Put it on your calendar and get a (free) ticket to see LaToya Ruby Frazier give the Jack Wolgin Visiting Artist lecture at Temple Contemporary. This much accoladed artist documents her community in Braddock, PA, and the impact on the community of the economic downturn. Highly recommended.

LaToya Ruby Frazier
Tuesday, October 10, 2017 from 6:00 PM to 8:00 PM (EDT)
Temple Contemporary, Tyler School of Art, 2001 North 13th Street, Philadelphia, PA 19122
Register for a ticket here.

Please join us for the 2nd Annual Jack Wolgin Visiting Artist Lecture featuring Photographer and Video Artist LaToya Ruby Frazier. Using photography, video, and performance to document her hometown of Braddock, PA, her work addresses issues of industrialism, rustbelt revitalization, environmental justice, healthcare inequity, and family and communal history.

Receiving her MFA in photography from Syrac use University (2007), Frazier also studied under the Whitney Musuem of American Art Independent Study Program (2010-2011) and was the Guna S. Mundheim Fellow for visual arts at the American Academy in Berlin (2103-2014). Currently an Associate Professor of Photography at the School for the Art Institute of Chicago, Frazier also exhibits hew work widely in the U.S. and internationally and is the recipient of many awards, including fellowships from the John D. and Catherine T. MacArthur Foundation’s MacArthur Fellows Program (2015), and the John Simon Guggenheim Memorial Foundation (2014).


Barnes Foundation’s Foundation
One of the benefits of co-working at Cultureworks is that we run into our friends at Hidden City on a regular basis, and they clue us in to some of the hidden art history of Philadelphia. For example, we were talking about the Barnes Foundation with HC’s Pete Woodall and he mentioned that the place where Albert Barnes got his start at the millions that fueled his art collecting was a little-known spot in West Philly that’s overdue its 15 minutes of fame, especially now that the Barnes is in town. A history and preservation advocate, Woodall has a suggestion: “It would be great to get the Barnes to do the research and put up the money for one of those blue State Historical Markers…” Read the post about the Barnes Foundation foundation here.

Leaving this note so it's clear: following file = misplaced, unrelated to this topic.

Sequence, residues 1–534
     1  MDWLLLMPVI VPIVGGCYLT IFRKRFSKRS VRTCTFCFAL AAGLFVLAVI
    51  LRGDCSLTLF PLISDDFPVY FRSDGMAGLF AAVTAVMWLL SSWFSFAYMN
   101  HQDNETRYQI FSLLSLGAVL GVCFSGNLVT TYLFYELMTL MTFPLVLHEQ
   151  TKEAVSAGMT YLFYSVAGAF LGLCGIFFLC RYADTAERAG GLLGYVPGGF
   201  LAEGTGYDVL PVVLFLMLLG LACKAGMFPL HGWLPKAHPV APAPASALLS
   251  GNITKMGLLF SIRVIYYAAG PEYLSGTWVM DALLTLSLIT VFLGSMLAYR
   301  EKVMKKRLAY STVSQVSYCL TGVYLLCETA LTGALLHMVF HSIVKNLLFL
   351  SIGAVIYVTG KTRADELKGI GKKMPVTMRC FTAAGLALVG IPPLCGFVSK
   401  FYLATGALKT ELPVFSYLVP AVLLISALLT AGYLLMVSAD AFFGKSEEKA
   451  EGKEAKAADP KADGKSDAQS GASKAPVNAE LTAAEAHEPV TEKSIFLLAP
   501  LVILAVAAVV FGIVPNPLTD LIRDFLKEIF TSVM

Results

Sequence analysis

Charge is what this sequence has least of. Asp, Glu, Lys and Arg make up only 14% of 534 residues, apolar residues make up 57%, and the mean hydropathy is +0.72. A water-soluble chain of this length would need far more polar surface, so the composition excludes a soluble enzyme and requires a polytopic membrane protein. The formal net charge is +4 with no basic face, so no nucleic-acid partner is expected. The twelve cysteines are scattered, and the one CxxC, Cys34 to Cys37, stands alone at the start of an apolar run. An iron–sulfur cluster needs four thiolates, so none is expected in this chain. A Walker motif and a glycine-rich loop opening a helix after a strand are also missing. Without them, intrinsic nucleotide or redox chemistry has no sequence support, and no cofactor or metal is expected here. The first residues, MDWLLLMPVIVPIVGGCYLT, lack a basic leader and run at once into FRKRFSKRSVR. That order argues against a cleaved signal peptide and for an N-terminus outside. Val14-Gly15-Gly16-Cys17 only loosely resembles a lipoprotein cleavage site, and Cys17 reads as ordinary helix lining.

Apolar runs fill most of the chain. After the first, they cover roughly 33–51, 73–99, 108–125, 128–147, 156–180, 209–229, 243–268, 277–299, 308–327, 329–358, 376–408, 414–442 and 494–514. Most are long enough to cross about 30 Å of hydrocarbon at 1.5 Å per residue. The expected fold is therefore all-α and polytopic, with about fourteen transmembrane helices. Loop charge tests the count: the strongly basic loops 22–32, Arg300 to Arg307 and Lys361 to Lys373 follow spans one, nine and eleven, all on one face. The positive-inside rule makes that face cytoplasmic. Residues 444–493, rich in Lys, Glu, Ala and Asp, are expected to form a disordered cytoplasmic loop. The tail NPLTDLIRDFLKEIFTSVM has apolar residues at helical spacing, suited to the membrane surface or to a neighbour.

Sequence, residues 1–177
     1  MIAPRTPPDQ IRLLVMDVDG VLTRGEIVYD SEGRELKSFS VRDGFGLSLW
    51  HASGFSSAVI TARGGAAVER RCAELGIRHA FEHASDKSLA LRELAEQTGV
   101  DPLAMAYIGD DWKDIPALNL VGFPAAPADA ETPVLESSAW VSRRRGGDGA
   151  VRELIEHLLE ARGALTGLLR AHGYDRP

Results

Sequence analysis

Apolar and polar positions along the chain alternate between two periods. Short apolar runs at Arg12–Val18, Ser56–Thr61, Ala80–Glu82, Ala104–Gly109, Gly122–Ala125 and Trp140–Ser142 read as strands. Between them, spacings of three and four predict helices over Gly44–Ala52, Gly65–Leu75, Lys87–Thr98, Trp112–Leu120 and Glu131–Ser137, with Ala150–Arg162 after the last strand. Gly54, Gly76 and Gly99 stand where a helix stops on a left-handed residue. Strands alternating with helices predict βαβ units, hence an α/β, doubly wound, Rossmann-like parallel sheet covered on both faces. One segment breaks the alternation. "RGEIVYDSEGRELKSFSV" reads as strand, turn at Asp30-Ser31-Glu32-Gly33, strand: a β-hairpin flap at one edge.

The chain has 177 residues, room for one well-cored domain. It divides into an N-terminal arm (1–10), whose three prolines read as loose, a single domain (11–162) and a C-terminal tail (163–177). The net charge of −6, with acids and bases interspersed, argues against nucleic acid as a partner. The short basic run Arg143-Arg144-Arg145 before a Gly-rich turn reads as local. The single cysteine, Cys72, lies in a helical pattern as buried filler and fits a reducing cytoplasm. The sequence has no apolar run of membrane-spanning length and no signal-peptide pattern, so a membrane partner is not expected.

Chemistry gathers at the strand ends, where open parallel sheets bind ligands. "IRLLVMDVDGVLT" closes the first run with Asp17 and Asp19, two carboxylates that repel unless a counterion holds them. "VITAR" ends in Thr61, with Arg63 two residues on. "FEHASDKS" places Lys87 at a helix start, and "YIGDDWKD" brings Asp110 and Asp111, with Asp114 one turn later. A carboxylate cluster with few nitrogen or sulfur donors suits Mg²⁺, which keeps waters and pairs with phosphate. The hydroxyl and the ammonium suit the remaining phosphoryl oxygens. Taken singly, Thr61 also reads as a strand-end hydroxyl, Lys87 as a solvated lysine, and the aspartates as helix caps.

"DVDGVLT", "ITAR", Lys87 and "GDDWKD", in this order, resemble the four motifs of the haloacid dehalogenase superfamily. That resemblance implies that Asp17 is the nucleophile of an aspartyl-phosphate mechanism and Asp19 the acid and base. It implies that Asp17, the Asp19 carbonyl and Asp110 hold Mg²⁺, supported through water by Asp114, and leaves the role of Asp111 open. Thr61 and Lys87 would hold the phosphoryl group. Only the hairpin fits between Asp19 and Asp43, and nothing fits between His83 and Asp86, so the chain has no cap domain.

Open call for artists, temporary art commission – Fairmount Park Conservancy’s 6th Annual GLOW in the Park – Application Deadline Sept. 6, 2017

Fairmount Park Conservancy seeks to commission one artist or artist team to create
a temporary outdoor art installation for the 6th annual GLOW in the Park at the Reflecting Pool at the Fairmount Park Horticulture Center. We are looking for a work with a sense of fun, spectacle and intentionality, speaking to its setting as well as creating a unique experience for those attending. Budget of $7,000. Full details and application information here.

Two from Mural Arts and DRPA – Application Deadline for both, Sept. 5, 2017

5th Street Philadelphia Vehicular Tunnel Mural – Budget $20,000 – Deadline Sept. 5, 2017
CONCEPT: Mural Arts Philadelphia is partnering with the Delaware River Port Authority (DRPA) to create a new mural inside the 5thStreet vehicular tunnel, which runs one way north under the Ben Bridge Plaza in Philadelphia between Race Street and Callowhill Street. The DRPA recently completed a series of improvements in the tunnel, including wall repairs, new lighting, and a dedicated bike lane, and now wishes to commission a mural to further enhance the appearance of the tunnel and deter incidents of graffiti and other vandalism. Complete Vehicular Tunnel application information here.

Ben Franklin Bridge Philadelphia Pedestrian Tunnel Mural – Budget $33,000 – Deadline Sept. 5, 2017
CONCEPT: Mural Arts Philadelphia is partnering with the Delaware River Port Authority (DRPA) to create a new mural inside the pedestrian underpass at the 5TH Street entry and exit ramps near the pedestrian footwalks of the Ben Franklin Bridge in Philadelphia. DRPA recently repainted the walls and upgraded the lighting inside the underpass and now wishes to commission a mural to further enhance the space’s appearance and deter incidents of graffiti and other vandalism. Complete Pedestrian Tunnel application information here.